Croeso Network

Abersoch on the Llyn Peninsula

Abersoch on the Llyn Peninsula

Abersoch © Crown copyright (2013) Visit Wales

A few miles further on is the resort of Abersoch.  Originally a small fishing village, Abersoch has become a mecca for the ‘yacht-set’ weekenders  with its great beaches and clear waters offering numerous water-sports, diving and fishing, with horse riding and an immaculate golf course all nearby.
© Crown copyright (2013) Visit Wales

Arguably, it biggest attraction is It’s ‘micro-climate’, this being attributed to its location on the Llyn, surrounded by the sea on three sides and its proximity to the Gulf Stream.  The harbour beach is great for crabbing and watching the boats being taken out to sea.  The larger ‘town’ beach is sandy and gently sloping flanked by some of the most expensive beach huts in Wales.  There are a couple of beach cafes which offer refreshments.

The village itself has a number of good restaurants and a couple of pubs which have children’s play areas. There are some up-market boutiques and curio-souvenir shops.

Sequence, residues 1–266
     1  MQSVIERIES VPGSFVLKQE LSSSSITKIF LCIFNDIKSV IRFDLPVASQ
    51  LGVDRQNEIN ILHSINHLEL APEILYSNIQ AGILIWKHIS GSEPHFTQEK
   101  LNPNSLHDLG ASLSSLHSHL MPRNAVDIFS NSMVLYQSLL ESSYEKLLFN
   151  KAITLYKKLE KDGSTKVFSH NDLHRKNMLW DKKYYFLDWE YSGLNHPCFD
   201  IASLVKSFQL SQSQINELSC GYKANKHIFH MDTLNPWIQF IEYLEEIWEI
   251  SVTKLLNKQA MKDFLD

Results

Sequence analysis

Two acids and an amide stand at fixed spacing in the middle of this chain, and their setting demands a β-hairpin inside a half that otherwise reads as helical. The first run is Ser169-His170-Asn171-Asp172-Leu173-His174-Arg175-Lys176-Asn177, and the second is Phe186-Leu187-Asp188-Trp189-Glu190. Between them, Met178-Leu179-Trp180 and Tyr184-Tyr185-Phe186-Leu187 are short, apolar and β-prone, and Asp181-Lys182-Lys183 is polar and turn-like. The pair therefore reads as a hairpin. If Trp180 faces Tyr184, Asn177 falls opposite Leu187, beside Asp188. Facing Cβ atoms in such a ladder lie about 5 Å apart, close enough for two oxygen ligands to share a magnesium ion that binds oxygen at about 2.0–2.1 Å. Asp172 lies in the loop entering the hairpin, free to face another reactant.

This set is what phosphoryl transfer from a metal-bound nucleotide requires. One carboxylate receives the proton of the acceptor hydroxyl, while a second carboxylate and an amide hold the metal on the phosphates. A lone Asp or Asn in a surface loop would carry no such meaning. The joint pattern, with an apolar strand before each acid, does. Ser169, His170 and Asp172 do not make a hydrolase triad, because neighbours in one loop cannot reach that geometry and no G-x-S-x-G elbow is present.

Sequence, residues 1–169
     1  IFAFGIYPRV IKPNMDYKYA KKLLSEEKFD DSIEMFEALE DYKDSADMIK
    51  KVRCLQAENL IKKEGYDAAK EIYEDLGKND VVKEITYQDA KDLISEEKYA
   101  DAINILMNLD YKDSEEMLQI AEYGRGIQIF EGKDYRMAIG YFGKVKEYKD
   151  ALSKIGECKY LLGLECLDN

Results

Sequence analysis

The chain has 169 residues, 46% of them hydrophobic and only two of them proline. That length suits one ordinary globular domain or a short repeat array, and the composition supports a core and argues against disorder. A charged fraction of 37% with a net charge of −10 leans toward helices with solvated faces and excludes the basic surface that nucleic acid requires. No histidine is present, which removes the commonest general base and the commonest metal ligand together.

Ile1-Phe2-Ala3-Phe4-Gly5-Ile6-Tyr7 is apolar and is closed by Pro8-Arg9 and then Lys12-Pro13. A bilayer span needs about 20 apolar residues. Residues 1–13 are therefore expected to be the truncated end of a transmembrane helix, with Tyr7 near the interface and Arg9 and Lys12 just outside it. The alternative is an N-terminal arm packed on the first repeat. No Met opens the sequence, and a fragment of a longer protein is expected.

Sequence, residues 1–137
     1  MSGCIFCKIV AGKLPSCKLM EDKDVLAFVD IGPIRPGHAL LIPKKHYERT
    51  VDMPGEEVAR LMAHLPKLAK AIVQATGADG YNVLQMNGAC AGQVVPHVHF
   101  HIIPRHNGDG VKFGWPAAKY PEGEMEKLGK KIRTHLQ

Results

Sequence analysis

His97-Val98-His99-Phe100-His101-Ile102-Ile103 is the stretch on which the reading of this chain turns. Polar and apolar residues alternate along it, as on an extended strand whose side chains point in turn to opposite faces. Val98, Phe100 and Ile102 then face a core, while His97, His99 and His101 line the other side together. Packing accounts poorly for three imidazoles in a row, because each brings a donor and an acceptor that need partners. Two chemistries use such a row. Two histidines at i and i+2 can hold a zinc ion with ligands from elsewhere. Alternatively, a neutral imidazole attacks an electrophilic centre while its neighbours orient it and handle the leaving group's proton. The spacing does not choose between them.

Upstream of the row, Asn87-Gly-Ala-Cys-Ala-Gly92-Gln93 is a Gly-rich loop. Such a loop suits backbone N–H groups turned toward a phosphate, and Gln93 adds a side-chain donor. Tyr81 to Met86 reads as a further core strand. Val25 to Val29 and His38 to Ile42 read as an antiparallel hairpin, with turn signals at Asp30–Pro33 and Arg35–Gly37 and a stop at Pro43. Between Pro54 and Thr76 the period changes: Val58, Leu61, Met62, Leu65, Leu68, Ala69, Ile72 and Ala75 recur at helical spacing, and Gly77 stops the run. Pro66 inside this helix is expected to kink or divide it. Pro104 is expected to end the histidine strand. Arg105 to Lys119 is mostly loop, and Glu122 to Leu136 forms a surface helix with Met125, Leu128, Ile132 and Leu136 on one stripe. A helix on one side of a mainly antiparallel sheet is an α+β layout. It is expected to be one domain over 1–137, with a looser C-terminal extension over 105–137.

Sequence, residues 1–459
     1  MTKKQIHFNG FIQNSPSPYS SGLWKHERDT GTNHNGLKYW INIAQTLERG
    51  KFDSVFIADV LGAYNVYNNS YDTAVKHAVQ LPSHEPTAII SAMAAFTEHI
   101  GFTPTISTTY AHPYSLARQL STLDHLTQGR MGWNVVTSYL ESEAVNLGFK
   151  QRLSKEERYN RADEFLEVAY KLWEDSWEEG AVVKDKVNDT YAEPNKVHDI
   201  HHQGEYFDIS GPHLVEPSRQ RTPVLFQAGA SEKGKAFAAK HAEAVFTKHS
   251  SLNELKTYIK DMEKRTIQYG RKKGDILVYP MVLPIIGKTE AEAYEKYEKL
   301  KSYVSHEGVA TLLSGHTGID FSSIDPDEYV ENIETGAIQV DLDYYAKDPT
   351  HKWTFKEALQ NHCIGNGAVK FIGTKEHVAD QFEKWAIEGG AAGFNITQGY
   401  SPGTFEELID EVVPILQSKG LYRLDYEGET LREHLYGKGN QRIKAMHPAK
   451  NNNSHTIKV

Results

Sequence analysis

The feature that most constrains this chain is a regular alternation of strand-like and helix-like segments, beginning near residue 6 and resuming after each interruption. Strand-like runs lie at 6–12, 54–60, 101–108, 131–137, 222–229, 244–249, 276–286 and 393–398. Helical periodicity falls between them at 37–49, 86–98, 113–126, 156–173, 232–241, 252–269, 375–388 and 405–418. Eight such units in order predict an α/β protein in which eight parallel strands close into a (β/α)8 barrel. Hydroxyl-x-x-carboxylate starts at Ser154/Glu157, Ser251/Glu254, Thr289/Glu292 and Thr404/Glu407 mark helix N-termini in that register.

Abersoch is home to the annual Jazz Festival, spread over a weekend, the festival attracts  artistes and fans  from all over the world.  In July Abersoch hosts Wakestock, an annual three-day mix of wakeboarding competition and popular music (the music festival held on a large camp site nearby at Penrhos).  There is also the Abersoch Regatta, a sailing event  and West Coast Surf, an open surfing competition also held every year.

AbersochLeft:- Abersoch
© Crown copyright (2013) Visit Wales

To the west of Abersoch, at Y Rhiw, you will find Plas yn Rhiw, a 17th century Welsh manor house set in ornamental gardens with outstanding views of the bay, Plas yn Rhiw is now owned and run by the National Trust.

As the road climbs and passes by Porth Neigwl or Hell’s Mouth, there is another chance to  view  this huge exposed stretch of sand and bay which really should not be missed..  This beach is highly rated as the best for surfing in North Wales.

History tells us that in early Christian times the Llyn Peninsular was a land of saints and pilgrims, hill forts, holy wells and small churches, many of which the remains can still be seen.  The area is soaked in early celtic history and up to 20,000 saints are allegedly buried on Ynys Enlli or Bardsey Island, the island of ‘strong currents’.


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